Some may point at the foolishness of devout Filipino Catholics, foolish for holding a religion that was introduced to them through colonialism. But when the memories of ancestral and indigenous practices have been so erased from a people’s memory, what else can they cling to?
I applaud my mother and many Filipinos like her for still clinging, for still praying, for still believing.
The Philippines is one of the few Asian countries that is predominantly Christian. However, there are pockets of indigenous spiritualities that are vibrant throughout the Philippine Islands. Babaylans, also known as shamans and healers, are descendants of the spiritual lineage that existed before Spanish colonialism. Their beliefs are animistic and they see the divine in all of nature. They use an older set of knowledge to tend to the needs of the communities around them.
Many Filipinos—yes, even Filipino Catholics—visit them to cure ailments when they are unable to go to the mainstream hospitals and medical clinics. I visited one once.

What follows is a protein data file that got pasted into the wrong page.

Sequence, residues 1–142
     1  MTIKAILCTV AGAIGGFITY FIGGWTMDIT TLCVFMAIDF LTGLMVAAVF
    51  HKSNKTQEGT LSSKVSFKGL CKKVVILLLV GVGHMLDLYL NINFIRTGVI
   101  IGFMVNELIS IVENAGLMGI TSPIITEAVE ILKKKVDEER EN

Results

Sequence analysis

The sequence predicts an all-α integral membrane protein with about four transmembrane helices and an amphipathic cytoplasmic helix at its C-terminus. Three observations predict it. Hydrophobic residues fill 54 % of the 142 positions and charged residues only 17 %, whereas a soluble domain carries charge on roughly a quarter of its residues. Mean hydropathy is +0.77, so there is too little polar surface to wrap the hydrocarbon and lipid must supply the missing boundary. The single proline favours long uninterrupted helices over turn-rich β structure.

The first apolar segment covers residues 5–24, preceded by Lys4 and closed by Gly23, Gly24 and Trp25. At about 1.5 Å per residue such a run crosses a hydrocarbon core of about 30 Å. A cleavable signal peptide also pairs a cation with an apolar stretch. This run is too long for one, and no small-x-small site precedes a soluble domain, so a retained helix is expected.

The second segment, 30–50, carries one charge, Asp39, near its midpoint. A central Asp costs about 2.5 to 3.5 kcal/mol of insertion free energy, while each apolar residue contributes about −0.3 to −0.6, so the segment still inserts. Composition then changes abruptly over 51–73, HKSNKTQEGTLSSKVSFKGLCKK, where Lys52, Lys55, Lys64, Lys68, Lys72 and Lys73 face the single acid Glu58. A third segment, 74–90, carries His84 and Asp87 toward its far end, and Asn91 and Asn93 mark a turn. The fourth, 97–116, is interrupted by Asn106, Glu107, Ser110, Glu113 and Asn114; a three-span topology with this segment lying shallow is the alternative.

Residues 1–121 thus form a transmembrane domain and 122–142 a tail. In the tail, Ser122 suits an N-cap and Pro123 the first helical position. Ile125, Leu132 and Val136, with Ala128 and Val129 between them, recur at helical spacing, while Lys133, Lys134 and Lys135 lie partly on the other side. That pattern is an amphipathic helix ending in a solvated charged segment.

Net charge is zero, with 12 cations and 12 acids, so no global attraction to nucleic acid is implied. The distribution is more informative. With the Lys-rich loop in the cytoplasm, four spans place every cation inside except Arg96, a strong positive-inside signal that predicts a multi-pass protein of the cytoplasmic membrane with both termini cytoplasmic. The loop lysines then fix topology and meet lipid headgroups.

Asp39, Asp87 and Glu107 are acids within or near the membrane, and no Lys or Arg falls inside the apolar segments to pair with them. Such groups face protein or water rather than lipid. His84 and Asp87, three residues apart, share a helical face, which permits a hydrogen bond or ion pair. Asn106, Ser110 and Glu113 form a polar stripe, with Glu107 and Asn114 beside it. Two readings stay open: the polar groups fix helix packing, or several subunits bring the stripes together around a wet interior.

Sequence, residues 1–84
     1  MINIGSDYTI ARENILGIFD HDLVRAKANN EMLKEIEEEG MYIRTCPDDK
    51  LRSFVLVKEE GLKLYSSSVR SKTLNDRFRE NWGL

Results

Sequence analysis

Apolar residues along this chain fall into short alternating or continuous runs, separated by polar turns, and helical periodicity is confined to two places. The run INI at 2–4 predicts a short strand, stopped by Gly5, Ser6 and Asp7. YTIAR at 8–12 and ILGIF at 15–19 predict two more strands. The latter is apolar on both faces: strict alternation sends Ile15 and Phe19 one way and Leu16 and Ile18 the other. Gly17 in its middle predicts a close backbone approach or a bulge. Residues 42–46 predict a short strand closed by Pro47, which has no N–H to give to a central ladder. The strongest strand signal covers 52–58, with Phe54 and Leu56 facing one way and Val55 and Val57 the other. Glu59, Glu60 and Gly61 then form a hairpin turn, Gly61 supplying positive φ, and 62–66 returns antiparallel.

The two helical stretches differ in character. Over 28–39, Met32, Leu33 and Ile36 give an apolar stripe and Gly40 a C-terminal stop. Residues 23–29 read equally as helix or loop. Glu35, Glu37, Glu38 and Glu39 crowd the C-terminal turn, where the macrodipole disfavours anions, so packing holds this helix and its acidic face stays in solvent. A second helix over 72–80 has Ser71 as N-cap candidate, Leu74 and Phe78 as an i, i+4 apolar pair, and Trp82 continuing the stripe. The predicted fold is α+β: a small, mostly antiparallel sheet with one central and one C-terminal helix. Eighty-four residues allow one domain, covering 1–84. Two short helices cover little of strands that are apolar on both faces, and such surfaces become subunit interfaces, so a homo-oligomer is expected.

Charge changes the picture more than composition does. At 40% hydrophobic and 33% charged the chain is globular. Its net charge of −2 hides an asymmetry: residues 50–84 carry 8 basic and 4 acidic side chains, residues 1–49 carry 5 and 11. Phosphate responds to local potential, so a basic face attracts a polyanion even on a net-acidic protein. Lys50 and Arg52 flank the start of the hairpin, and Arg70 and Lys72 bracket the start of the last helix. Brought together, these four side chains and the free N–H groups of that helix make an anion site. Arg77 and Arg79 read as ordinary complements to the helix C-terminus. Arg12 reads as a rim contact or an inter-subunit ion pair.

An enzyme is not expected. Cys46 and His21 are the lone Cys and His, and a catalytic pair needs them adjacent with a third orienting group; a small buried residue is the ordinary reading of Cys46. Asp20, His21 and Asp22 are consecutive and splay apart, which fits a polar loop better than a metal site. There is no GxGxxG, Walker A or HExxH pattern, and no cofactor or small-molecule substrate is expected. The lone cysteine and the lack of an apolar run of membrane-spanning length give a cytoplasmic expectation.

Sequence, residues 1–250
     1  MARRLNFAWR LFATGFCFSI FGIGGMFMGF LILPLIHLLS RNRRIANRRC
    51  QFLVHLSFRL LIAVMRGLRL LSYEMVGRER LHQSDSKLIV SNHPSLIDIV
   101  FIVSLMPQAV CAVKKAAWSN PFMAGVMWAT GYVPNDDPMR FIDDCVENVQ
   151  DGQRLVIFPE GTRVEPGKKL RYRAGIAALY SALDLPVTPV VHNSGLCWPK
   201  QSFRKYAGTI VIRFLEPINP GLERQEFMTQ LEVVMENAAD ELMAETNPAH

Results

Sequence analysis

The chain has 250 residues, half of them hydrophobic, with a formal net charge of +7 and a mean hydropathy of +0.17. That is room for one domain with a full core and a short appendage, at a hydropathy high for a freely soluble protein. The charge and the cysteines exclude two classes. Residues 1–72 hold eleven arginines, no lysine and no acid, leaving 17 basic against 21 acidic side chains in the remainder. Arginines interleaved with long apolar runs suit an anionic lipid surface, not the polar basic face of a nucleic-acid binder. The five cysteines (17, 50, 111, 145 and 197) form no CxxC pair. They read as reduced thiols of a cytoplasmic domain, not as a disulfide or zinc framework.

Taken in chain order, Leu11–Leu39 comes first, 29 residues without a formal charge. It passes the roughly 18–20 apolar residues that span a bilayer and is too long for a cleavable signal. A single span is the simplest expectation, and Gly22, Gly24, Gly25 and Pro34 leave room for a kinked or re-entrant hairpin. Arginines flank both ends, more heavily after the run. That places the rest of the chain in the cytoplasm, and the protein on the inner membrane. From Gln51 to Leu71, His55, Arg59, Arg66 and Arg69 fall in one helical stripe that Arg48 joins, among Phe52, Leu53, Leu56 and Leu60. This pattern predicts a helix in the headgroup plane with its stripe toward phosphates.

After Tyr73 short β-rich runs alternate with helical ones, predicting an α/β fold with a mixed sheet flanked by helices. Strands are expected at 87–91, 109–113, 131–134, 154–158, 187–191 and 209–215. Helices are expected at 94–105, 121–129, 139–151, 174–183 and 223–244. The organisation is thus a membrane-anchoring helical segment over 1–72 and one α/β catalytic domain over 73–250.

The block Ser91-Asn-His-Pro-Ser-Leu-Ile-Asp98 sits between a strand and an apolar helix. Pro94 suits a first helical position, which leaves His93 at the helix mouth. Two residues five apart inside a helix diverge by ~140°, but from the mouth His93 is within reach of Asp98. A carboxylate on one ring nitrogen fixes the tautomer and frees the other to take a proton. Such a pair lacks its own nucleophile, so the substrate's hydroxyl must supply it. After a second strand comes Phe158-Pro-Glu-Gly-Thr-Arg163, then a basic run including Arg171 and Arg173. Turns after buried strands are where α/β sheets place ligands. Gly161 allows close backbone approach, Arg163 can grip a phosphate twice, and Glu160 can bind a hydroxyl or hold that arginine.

I was 19 years old and I wasn’t feeling well. My cousin took me to a babaylan who lived on the outskirts of the town where my grandparents lived. The babaylan was an elderly woman in her 70s or 80s with a gentle demeanor and kind eyes. She made a homemade tonic for me and told me to drink it up. She said I would feel better if I did. Then she prayed for me in her dialect.
When we returned home, I was very hesitant to drink the tonic. All of the anti-indigenous narratives flooded my thoughts and kept me from placing my full faith in the ancestral wisdom which this elderly woman held, an ancestral wisdom which I held too, although it was dormant and suppressed within me.
If I drank the tonic, would I have been healed? Or would I have committed a mortal sin?
Did the Spaniards commit a mortal sin when they pillaged Filipino lands and people for the glories of Spain and the papacy?
I’ll let you decide.